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Newspaper Archive of
Golden Valley News
Beach, North Dakota
December 20, 2018     Golden Valley News
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December 20, 2018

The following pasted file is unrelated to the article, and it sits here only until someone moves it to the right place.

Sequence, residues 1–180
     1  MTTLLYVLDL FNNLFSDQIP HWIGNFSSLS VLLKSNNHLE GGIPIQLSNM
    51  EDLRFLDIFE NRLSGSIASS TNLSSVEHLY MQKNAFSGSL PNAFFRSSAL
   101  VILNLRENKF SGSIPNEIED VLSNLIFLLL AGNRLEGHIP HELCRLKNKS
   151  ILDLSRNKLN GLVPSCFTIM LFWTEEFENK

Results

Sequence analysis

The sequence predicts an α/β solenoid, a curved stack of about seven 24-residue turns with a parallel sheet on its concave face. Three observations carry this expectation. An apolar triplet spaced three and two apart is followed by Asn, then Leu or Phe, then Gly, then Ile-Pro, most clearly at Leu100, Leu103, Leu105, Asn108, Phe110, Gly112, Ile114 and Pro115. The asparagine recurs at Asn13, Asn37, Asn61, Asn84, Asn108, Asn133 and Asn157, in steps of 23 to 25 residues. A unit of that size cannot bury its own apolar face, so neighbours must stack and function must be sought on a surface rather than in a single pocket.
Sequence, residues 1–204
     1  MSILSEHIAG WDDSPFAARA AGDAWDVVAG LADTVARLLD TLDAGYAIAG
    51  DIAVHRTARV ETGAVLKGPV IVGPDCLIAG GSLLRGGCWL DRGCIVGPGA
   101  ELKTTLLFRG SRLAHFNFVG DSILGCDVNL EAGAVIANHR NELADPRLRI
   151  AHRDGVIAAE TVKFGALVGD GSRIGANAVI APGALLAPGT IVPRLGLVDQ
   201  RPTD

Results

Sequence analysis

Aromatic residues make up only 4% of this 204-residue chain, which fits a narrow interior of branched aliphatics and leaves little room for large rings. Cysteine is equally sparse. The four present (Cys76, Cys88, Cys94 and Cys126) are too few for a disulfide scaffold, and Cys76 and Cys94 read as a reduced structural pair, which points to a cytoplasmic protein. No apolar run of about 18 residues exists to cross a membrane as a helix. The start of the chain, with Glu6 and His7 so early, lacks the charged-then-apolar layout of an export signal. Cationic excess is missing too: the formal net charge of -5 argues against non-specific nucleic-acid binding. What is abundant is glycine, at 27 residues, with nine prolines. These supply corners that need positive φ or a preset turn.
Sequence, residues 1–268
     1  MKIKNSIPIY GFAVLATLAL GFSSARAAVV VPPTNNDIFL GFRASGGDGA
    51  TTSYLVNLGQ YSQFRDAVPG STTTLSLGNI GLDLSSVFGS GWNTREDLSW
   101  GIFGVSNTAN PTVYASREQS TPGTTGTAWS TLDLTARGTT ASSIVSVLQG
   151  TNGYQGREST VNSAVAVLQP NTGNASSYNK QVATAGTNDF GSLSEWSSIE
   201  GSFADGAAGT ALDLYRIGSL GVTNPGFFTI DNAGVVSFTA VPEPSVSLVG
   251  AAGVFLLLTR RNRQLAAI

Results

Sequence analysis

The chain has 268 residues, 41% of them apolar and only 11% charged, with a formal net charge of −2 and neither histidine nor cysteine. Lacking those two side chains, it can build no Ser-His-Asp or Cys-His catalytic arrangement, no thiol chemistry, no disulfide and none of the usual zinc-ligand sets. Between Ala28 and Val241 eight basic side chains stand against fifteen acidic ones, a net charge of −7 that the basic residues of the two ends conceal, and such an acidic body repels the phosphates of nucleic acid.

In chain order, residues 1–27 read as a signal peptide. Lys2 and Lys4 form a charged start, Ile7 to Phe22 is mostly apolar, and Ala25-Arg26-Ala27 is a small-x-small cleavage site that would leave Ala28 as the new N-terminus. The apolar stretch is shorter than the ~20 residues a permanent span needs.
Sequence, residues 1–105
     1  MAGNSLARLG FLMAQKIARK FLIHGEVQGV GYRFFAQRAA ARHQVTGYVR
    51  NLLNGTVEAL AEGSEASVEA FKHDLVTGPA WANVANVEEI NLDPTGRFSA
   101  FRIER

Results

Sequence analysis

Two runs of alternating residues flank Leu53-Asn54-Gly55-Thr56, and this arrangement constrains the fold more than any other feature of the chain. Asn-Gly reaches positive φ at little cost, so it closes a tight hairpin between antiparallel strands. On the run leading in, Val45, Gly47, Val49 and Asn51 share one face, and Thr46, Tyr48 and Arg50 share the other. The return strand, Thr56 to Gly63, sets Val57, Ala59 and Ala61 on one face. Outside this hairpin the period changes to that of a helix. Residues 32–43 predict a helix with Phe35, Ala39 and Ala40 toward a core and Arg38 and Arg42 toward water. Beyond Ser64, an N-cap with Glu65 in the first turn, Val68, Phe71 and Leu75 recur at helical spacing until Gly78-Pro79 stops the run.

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7 OROrttt?utft¢‘99t¢tttfimxfig 30? 7? SWIM PAPERS "CM Wfififm QZTWRMROADAVE SHELTON. WA 985848847 Senator outlines expected effects of new farm BISMARCK - At the North pakota Farmers Union state conven- tion on Dec. 15, Sen. John Hoeven, R—N.D.,.outlined the farm bill that Congress has approved. Hoeven said he worked to include the following priorities in the final farm bill: Maintaining crop insurance: The farm bill maintains strong crop insurance policy. - Increased access to capital: The bill includes a version of Hoeven’s Capital for Farmers and Ranchers Act to provide producers, including beginning farmers, with greater ac- cess to the capital necessary to start or grow their operations. The bill in- creases the Farm Service Agency’s (FSA) guaranteed operation and ownership loans from $1.39 million to $1.75 million, direct operating loans from $300,000 to $400,000 and direct ownership loans from $300,000 to $600,000. - Improvements to ARC and Price Loss Coverage (PLC): Hoeven worked to build on strengths in the commodity portion of the law from both the Senate and House bills. A conference agreement includes Hoeven’s proposal to reduce ARC disparities from county to county. It :also includes an increase to the "plug The official newspaper of Beach and (ioltlen \iille) (hunt). North Dakota. 58021 Sounds of the Season Bank of the West held its Customer Appreciation Day on Friday, Dec. 7, and with that the an- nual second-grade Christmas carolers from Lincoln Elementary. (Photos by Jane Cook) yield" in ARC and uses trend ad- justed yields under ARC. The bill updates the PLC program to allow reference pricestoi‘ncrease,” Additionally, farmers will‘be allowed to make a new election between ARC and PLC in 2019, again in 2021 and annually in the following years. Increases for marketing assis- tance loans (MAL): The bill in— creases MAL, a marketing tool that helps producers meet cash flow needs at harvest time without having to sell their commodities during the typical harvest-time low prices. - Improvements to CRP and wet- land exemptions: Both Senate and House farm bills make changes to the Conservation Reserve Pregram, Maintains private property rights: At Hoeven’s urging, a pro- posal to authorize permanent ease- ments was rejected by the conferees in defense of the private property rights of farmers and ranchers. - Natural Resources Conservation Service (NRCS) site visit: Improves the quality of the wetland appeals process by requiring NRCS to con- duct a site visit with the participant after an appeal has been filed. ' Environmental Quality Incen- tives Program (EQIP): Maintains EQIP and the full suite of other con- servation programs. Ag research: The final bill maintains land—grant formula re— .search, funding. It also, includes in: ‘ creased funding from the Senate version for other USDA research programs, including the US. Wheat and Barley Scab Initiative, which benefits research conducted at North Dakota State University. - Maintains the Water Bank Pro- gram. ' ' Honey Bee storage: Includes a Hoeven provision that makes bee— keepers eligible to apply to the Farm Storage Facility Loan Program for ‘ low-interest loans to support the con- struction of temporary refrigerated beehive storage facilities. Opioid grant funding for rural communities: Includes legisla- tion to help rural communities com- bat the opioid abuse epidemic through the USDA Rural Health and Safety Education Competitive Grants Program. Farmers First Act: Includes Ho- even—cosponsored provisions to as- sist states with establishing helplines, training and support groups as well as reestablish the Farm and Ranch Stress Assistance Network and a new farm and ranch stress assessment committee. iMeetings regarding four-day week set By Richard Volesky Editor/Reporter FAIRFIELD The Billings County School District will hold two public informational meetings next month re- garding a proposed four-day school week. After the meetings, the School Board will decided if the plan should be implemented. The four—day week could start in the fall of 2019. i The first meeting is scheduled for '6 pm, Tuesday, Jan. 8, at Prairie School, Fairfield. The second meeting is planned for 6 pm, Thursday, Jan. :10, at the Medora Community Center. The board's next meeting is planned for Jan. 15, and time will be allotted on the agenda if district pa- trons have additional questions about the four-day week. A decision about the shorter week may be made at the board's February meeting. The state's Wishing You A Merry Christmas As we celebrate this joyous season of Christmas, we remember the birth of our Lord and ‘ Savior, Jesus Christ. We wish you and your family a Merry Christmas! annual deadline for such changes is March 1. At the board's Dec. 13 meeting, School District Business Manager Tammy Simnioniw, Principal Shae Peplinski and Assistant Principal Danielle O'Brien reported on cost savings for bussing, the hot lunch program, and staffing wages and ben- efits. It was determined that costs wouldn't be dramatically lower. The discussion also involved reviewing topics about which patrons may have questions during the January meet— ings. Simnioniw explained that with the hot lunch program, the fixed costs mean serving fewer meals wouldn't translate into a large cost savings. Peplinski reported that bussing costs wouldn't be too different because the high school buses would continue to run five days a week. Employees who are paid by the hour would be working longer days, and so the overall cost savings in that regard alsowouldn’t be large. Overall, there would be a total of 13 additional days during the school year when no classes would be held, said O'Brien. Board member Anita Adams said she believes a lot of people are open to the idea of a four-day week. How— ever, she said she is wom'ed that they would have no answers for patrons who are against the shorter week and say they would shift their students to other schools. In February 2018, it was decided to set Dec. 31, 2018, as the deadline for completing research on the idea of a shorter school week. The board de- cided on Dec. 13 to rescind the Febru- ary decision to allow for the discussion to continue into 2019. We will be closed all day Dec. 24 and 25. We will close at 1 pm. Dec. 31, and we'll be closed all of Jan. 1. l SI'S Ill-280 is}: More than 6, ol. 8‘). \0. l5 my fi‘ . 1- 75 cents December 20. 2018 1,]; soo H Wmfi technology positions needed by 2026 BISMARCK The Technology Council of North Dakota (TechND) recently published its biennial publi- cation, the 2019 State of the Tech- nology Industry Guide. It says more than 6,500 new and replacement technology workers across all industries, including agri— culture, energy, healthcare, and fi— nance, will be needed in North Dakota by 2026. Demand for tech- nology positions will create the need for 1,340 employees to fill new posi- tions. The remaining positions will be replacements. “The need for technology profes— sionals is projected to increase as technology is found in virtually every workplace. The success of North Dakota’s private, public and nonprofit sectors increasingly de- pends on individuals who have the skills to develop and/or use technol- ogy efficiently and effectively,” said TechN D President Jeremy Neuharth, CEO and founder of Sycorr in Fargo. “To address this workforce issue longterm, TechND is partnering with the North Dakota Department of Public Instruction and others on the North Dakota Computer and Cyber Gift om Santa Sciences Education Initiative, which will establish North Dakota as the first state in the nation to provide technology and security fundamen— tals for all North Dakota students by adopting K-12 computer and cyber science standards," said Neuharth. There are 7,880 North Dakotans in technology positions, and this pro- . jected growth means, replacement combined with new positions will equal 82 percent of the state’s current technology workforce. Computer science teachers, post- secondary, is the technology occupa— tion with the highest percentage of projected growth (30 percent). Infor- mation security analysts (3.5 per— cent) and software developers, applications (2.9 percent), are the technology occupations with the sec— ond and third highest percentage of projected growth. Through 2026, the three technology occupations pro- jected to have the largest number of openings include computer user sup- port specialists with 1,397 openings; software developer, applications, with 1,324 openings; and network and computer systems administrators with 573 openings. Klansy 0e receives a gift from Santa Claus after the Medora school's holiday program on Dec. 13. (Photo by Richard Volesky) NDSU: Don't let last—minute spending ruin your budget The National Retail Federation expects holiday retail sales for 2018 to increase 4.3 to 4.8 percent from 2017. "You may be thinking that this doesn't matter because you have most of your gifts purchased," says Carrie Johnson, North Dakota State University Extension personal and family finance specialist. "But last- minute purchases, such as gifts for those you forgot to add to your shop- ping list or stocking stuffers, can bust any carefully constructed budget. Or maybe you forget to add gift wrap, holiday cards and other supplies to your budget this year." Here are some tips to help you stay within your holiday budget: 872-3656 * Make sure you don't get carried away. Sometimes you think you need just one more gift for someone, and then you realize you forgot someone else, or maybe more than one other person. Or maybe you have multiple children and decide to buy some- thing inexpensive for one of them. So then you need to purchase a gift for the rest of the children, and pretty soon you have spent way more than you planned. Make sure you are buy- ing gifts only for those who were on your original holiday list and you stick to the budget you set. . * Stay on top of your spending. Keep track of everything. You may feel like you have gotten such great deals that your purchases don‘t mat- Golva Member FDIC x a First State Bank Medora 623-5000 ‘ ATM i’n Beach & Medora Iobb 5-“rtt‘V’ri’557'iitu‘n: .a‘xx‘l’sfi _- r ~ ~ w l .» ter. You may have chosen to charge your gifts on a credit card. Remem- ber, if you end up paying interest on the item, you are spending more than just the sale price. "f- Even if you are buying last- minute gifts, you can get the best price by comparison shopping. Some stores will price match, even online prices. If not, you may be able to order the item online and still get it time for the big day. If it won't arrive in time, avoid paying for expedited shipping. * Make homemade gifts. If you are artistic, crafts may be the best Budget (Continued on Page 10) Beach 872-4444 y